The Colonie Town Board at a recent meeting. Jim Franco / Spotlight News
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COLONIE — The Town Board and supervisor are voluntarily giving up their raises to help offset a 7.5 percent tax increase.
The raises given to the town’s some 500 employees is one main reason Supervisor Paula Mahan is proposing a tax increase that exceeds the state’s 2 percent tax cap, which based on the formula is 3.4 percent.
The negotiated raises, which equal about 1.25 percent over the four-year life of the union contracts, were passed onto employees not represented by a bargaining unit and that includes elected officials.
“We talked about it and everyone is on board and we all volunteered to give up the raises,” Mahan said. “It’s good everyone is doing it but it’s a minimal amount so I don’t know what the exact percentage of savings but it’s close but to .02 percent.”
Mahan’s salary would have increased from $123,006 to $126,081. The deputy supervisor’s salary, a position currently held by Town Board member Linda Murphy, would have $21,918 to $22,466. Each of the five the board members would have seen their salaries jump from $21,479 to $22,016.
Mahan said it is up to the other elected officials, like the judges, the receiver of taxes and the town clerk, to decide if they too want to give up their raises.
She also said the Town Board plans on talking with members of the other boards like planning and the Zoning Board of Appeals but those increases represent an even smaller percentage of the proposed $96.6 million spending plan than Town Board stipends. For example, in the proposed budget the six members of the Planning Board, who meet twice a month and do hours of work outside of the meetings, would see their salaries jump from $3,690 to $3,730.
“The Town Board has been going through the budget, and it’s not final until everything gets reviewed and everyone comes back with comments,” she said.
She said the proposed budget committee already cut $900,000 from the budgetary recommendations made by the department heads.
The proposed budget increases spending by 5.28 percent and a good chuck of that is due to salary increases negotiated with six of the town’s seven unions. The only outstanding contract is for employees in the union representing employees working in the EMS.
While most of the contracts were settled last year, the town used a one-shot, $1.75 million sale of the former community center on Central Avenue to cover the cost. While it did fill a deficit, one-shot sources of revenue are not commonly accepted methods of structurally balancing a budget.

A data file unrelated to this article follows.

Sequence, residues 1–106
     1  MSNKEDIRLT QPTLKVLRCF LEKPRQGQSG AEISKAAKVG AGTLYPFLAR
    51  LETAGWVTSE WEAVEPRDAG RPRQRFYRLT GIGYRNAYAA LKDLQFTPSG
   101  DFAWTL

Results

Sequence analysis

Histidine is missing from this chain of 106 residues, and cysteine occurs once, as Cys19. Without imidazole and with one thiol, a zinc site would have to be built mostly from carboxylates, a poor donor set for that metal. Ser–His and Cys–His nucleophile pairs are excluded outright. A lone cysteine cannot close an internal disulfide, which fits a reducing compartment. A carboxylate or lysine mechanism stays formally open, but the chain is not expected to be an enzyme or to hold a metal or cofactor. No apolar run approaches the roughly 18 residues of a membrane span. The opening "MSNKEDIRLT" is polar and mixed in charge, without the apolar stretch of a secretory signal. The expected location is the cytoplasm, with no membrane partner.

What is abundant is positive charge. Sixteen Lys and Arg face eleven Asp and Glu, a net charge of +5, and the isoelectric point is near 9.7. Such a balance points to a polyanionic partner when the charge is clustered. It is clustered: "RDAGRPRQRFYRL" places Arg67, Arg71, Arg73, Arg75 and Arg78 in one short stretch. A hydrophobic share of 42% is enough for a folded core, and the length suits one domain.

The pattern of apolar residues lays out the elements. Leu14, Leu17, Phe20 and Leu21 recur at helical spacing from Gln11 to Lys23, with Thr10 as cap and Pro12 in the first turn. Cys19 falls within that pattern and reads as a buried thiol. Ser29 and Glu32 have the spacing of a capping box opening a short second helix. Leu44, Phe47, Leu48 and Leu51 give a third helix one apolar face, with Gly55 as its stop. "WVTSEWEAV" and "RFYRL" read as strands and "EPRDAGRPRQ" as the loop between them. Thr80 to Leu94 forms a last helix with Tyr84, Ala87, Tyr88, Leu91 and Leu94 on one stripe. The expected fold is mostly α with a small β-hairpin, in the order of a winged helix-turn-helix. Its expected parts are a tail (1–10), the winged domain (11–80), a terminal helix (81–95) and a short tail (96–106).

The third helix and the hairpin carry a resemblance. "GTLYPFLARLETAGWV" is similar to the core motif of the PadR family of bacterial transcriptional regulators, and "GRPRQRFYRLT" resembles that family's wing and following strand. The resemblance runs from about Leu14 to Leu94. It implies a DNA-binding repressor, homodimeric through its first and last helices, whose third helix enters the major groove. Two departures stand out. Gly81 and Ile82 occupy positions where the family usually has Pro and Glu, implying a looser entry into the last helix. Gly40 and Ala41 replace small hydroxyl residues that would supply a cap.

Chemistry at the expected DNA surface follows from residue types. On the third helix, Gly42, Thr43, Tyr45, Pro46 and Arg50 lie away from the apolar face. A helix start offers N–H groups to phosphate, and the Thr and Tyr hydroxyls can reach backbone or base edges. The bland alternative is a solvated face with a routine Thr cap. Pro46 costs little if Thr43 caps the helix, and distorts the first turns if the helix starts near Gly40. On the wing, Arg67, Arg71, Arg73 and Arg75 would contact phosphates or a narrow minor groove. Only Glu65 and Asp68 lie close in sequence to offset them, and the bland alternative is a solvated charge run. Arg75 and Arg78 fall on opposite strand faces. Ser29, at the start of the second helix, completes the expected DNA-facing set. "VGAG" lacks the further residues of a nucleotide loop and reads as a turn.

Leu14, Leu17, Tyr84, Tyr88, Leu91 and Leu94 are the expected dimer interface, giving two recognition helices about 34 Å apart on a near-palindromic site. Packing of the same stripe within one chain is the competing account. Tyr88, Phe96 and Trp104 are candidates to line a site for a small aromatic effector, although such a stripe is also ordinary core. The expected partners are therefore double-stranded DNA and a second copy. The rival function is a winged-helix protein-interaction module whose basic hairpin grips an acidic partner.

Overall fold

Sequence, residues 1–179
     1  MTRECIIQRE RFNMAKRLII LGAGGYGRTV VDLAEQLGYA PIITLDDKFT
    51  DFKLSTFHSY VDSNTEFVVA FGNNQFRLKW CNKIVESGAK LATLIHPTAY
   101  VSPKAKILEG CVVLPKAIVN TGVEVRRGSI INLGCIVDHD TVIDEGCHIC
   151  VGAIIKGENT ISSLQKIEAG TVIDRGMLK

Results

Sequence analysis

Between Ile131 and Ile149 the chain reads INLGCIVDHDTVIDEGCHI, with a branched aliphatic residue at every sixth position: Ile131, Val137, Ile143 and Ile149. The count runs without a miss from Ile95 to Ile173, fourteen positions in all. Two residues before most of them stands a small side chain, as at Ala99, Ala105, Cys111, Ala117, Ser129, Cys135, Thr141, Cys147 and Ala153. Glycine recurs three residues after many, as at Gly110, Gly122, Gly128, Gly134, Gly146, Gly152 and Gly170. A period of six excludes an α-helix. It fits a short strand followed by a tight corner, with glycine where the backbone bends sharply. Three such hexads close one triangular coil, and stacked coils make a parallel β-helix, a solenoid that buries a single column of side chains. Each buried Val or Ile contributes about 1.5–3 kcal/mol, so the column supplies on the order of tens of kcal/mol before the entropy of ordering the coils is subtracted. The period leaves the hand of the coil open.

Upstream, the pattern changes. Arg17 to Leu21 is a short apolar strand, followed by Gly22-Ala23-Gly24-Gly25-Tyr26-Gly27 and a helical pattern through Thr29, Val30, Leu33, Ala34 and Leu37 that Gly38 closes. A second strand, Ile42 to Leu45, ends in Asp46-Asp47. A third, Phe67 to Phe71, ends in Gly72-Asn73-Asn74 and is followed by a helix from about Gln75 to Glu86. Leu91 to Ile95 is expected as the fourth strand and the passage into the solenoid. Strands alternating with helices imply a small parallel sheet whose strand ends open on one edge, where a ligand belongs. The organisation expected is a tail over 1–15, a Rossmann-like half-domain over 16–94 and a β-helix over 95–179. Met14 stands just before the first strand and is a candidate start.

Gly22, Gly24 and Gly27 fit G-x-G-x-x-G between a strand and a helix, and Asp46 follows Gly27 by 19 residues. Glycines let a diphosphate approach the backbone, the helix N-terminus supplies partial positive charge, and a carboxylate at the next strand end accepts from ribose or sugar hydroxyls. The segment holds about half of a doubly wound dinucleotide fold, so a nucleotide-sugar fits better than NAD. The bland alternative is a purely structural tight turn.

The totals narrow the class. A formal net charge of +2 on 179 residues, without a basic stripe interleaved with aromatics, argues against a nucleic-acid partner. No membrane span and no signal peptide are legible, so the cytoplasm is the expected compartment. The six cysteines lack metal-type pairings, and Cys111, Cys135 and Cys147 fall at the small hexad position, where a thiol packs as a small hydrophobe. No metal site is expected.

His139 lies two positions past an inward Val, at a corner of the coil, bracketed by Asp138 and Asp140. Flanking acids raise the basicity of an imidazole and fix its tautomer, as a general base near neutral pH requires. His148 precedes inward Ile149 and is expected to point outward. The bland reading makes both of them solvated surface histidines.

In all, according to the proposed budget, salaries for town employees will increase from $38.8 million in 2018 to $40.1 million in 2019, a 4.4 percent increase. The cost of providing employee benefits will increase 5.4 percent from $23.5 million to $24.7 million.
Health care also increased by $900,000 in 2019 and debt service will increase by 17.4 percent, from 9.2 million to $10.0 million, the majority of which is for ongoing infrastructure improvements.
There were also some new hires including a School Resource Officer which will bring the department up to 115 officers, a hire in the Department of Public Works and a new planner.
If approved as is, the budget represents to the homeowner an increase of 29.8 cents per $1,000 of assessed value. The owner of a median value home in Colonie, about $225,000, would see a net tax increase of about $42.57 per year, or $3.55 per month.
While it does exceed the state tax levy cap, the rules have changed and it will not impact residents’ ability to collect the annual state rebate check. That is now contingent upon whether or not school districts stay below the cap.
Because it does exceed the tax cap, though, a super majority, or five of seven members, must approve.
The Town Board will hold a public hearing on a necessary local law to exceed the tax cap and a public hearing on the budget on Nov. 8.
“We have a few more weeks so we will keep going through the budget and if anyone has any ideas we ask they bring them forward and we will talk about it and we will see if it is something feasible,” Mahan said. “There are just not of places to cut when we have a budget this lean. I am not willing to compromise public safety, and people want infrastructure improvements and people want their roads paved and we don’t want to lay anyone off because they do help provide a quality of life people are accustomed to”